Place, publisher, year, edition, pages
Routledge, 2014
National Category
Gender Studies
Identifiers
urn:nbn:se:uu:diva-234668 (URN)10.1080/18902138.2014.967985 (DOI)
Available from: 2014-10-22 Created: 2014-10-22 Last updated: 2016-09-23
2. Narratives of progress: Cooking and gender equality among Swedish men
Open this publication in new window or tab >>Narratives of progress: Cooking and gender equality among Swedish men
2015 (English)In: Journal of Gender Studies, ISSN 0958-9236, E-ISSN 1465-3869Article in journal (Refereed) Epub ahead of print
Abstract [en]

Feminist food studies have repeatedly identified a dichotomy of ‘masculine’ self-oriented cooking as leisure and ‘feminine’ other and care-oriented foodwork (meal planning, grocery shopping, cooking and cleaning up after meals). However, recent research suggests that there is a great deal of variety and contradiction in men’s accounts of their cooking practices. For example, men may find cooking a tedious and stressful responsibility and foodwork a fatherly duty. This article draws on interviews with 31 Swedish men from 22 to 88 years of age, and explores stories about cooking and foodwork as part of their everyday lives and their life transitions and how these relate to broader notions of food and gender equality. The data illuminating the men’s stories can be synthesised into two narratives of progress: a narrative of progress in gender equality in Sweden, where men’s participation in household labour has become taken for granted, and a narrative of culinary progress among Swedish men in general and among some of the interviewed men themselves. We agree with previous scholars who have argued for a reconsideration of the simplistic picture of men’s cooking as only being for the self and for leisure. We further show how the men express foodwork as a self-evident responsibility, regardless of whether the men find it fun or not, and that a desirable masculinity is represented by a man whose cooking skills have progressed beyond the survival level and who is more gender equal than what are perceived to be less-progressive men from previous generations and foreign cultural backgrounds.

Place, publisher, year, edition, pages
Routledge, 2015
Keyword
Men, masculinities, foodwork, cooking, gender equality, progress narratives
National Category
Gender Studies
Research subject
Food, Nutrition and Dietetics
Identifiers
urn:nbn:se:uu:diva-263076 (URN)10.1080/09589236.2015.1090306 (DOI)
Available from: 2015-09-25 Created: 2015-09-25 Last updated: 2016-09-23Bibliographically approved
3. Masculinity and the sociality of cooking in men’s everyday lives
Open this publication in new window or tab >>Masculinity and the sociality of cooking in men’s everyday lives
2016 (English)In: Sociological Review, ISSN 0038-0261, E-ISSN 1467-954XArticle in journal (Refereed) Epub ahead of print
Abstract [en]

This article explores how 31 Swedish men (22–88 years old) talk about the sociality of domestic cooking in everyday life. We demonstrate how domestic cooking – for oneself, for others and with others – is part of the understanding of contemporary Swedish men and how the expressed sociality of cooking is intertwined with accomplishments of masculinity. The sociality of cooking is not only about homosocial leisure but also a way for men to maintain heterosocial relationships and assume domestic responsibility. We discuss a potential cultural transition in men's domestic meal sociality and suggest the need for studies of gendered divisions of domestic work and the sociology of food to analyse how cooking shares similar properties to those of commensality, and the implications of this regarding gender relations.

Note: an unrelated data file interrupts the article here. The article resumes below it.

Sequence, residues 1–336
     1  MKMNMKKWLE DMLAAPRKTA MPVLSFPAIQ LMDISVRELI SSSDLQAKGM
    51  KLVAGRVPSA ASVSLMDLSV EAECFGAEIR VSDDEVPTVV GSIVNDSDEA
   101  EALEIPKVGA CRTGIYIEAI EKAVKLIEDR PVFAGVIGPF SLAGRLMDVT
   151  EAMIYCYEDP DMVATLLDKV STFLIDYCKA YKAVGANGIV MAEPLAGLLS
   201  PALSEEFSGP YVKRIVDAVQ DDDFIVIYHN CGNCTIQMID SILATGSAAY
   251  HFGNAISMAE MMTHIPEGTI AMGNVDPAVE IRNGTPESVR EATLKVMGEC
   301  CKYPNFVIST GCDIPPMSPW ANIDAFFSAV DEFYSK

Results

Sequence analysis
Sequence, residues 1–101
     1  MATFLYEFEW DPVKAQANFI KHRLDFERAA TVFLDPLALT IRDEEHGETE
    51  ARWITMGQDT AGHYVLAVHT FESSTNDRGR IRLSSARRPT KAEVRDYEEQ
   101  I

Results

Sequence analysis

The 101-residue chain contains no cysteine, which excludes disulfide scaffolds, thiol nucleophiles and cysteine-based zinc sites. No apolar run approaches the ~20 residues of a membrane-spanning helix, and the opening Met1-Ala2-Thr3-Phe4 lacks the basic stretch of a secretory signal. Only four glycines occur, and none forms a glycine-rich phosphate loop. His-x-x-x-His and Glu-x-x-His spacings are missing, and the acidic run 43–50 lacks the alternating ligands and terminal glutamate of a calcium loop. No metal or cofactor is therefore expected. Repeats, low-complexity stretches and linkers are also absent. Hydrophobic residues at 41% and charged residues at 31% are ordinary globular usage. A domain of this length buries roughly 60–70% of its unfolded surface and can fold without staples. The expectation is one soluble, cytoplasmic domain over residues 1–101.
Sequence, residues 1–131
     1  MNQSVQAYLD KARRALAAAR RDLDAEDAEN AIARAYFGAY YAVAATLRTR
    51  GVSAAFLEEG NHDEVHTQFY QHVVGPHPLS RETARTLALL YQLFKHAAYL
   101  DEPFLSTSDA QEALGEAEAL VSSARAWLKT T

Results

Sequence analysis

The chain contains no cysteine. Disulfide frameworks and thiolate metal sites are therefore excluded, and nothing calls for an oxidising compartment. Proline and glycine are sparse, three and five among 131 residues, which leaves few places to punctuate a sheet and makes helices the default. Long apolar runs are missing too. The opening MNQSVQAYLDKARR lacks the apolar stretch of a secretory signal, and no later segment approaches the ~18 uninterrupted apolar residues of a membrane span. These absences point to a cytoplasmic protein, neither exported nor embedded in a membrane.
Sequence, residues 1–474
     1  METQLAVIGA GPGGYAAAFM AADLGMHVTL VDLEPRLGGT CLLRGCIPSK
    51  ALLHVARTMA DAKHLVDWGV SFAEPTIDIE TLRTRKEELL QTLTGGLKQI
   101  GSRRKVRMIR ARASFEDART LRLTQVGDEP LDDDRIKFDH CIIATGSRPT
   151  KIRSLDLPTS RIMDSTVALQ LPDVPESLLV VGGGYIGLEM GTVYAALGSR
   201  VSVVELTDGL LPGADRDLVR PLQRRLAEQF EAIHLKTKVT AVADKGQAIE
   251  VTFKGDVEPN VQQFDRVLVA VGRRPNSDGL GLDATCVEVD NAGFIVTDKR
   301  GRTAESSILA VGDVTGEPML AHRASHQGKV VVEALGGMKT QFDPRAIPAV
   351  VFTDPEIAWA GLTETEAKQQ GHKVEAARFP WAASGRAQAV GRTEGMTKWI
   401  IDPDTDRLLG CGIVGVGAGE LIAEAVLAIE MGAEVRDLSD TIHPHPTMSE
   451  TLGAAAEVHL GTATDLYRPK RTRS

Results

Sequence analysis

Place, publisher, year, edition, pages
Oxford: Wiley-Blackwell Publishing Inc., 2016
National Category
Sociology (excluding Social Work, Social Psychology and Social Anthropology) Gender Studies Other Social Sciences not elsewhere specified
Research subject
Food, Nutrition and Dietetics
Identifiers
urn:nbn:se:uu:diva-301493 (URN)
External cooperation:
Available from: 2016-08-23 Created: 2016-08-23 Last updated: 2016-09-23Bibliographically approved
4. The “just right” Swedish chef: Gender, age and taste distinctions in men’s responses to media representations of food
Open this publication in new window or tab >>The “just right” Swedish chef: Gender, age and taste distinctions in men’s responses to media representations of food
(English)Article in journal (Refereed) Submitted
National Category
Sociology (excluding Social Work, Social Psychology and Social Anthropology) Gender Studies
Research subject
Food, Nutrition and Dietetics
Identifiers
urn:nbn:se:uu:diva-302785 (URN)
External cooperation:
Available from: 2016-09-09 Created: 2016-09-09 Last updated: 2016-09-23Bibliographically approved
5. An imagined culinary community: Stories of egalitarianism and masculinity in "Sweden – the new culinary nation"
Open this publication in new window or tab >>An imagined culinary community: Stories of egalitarianism and masculinity in "Sweden – the new culinary nation"
(English)Article in journal (Refereed) Submitted
National Category
Cultural Studies Gender Studies Sociology
Research subject
Food, Nutrition and Dietetics
Identifiers
urn:nbn:se:uu:diva-302574 (URN)
External cooperation:
Available from: 2016-09-06 Created: 2016-09-06 Last updated: 2016-09-23Bibliographically approved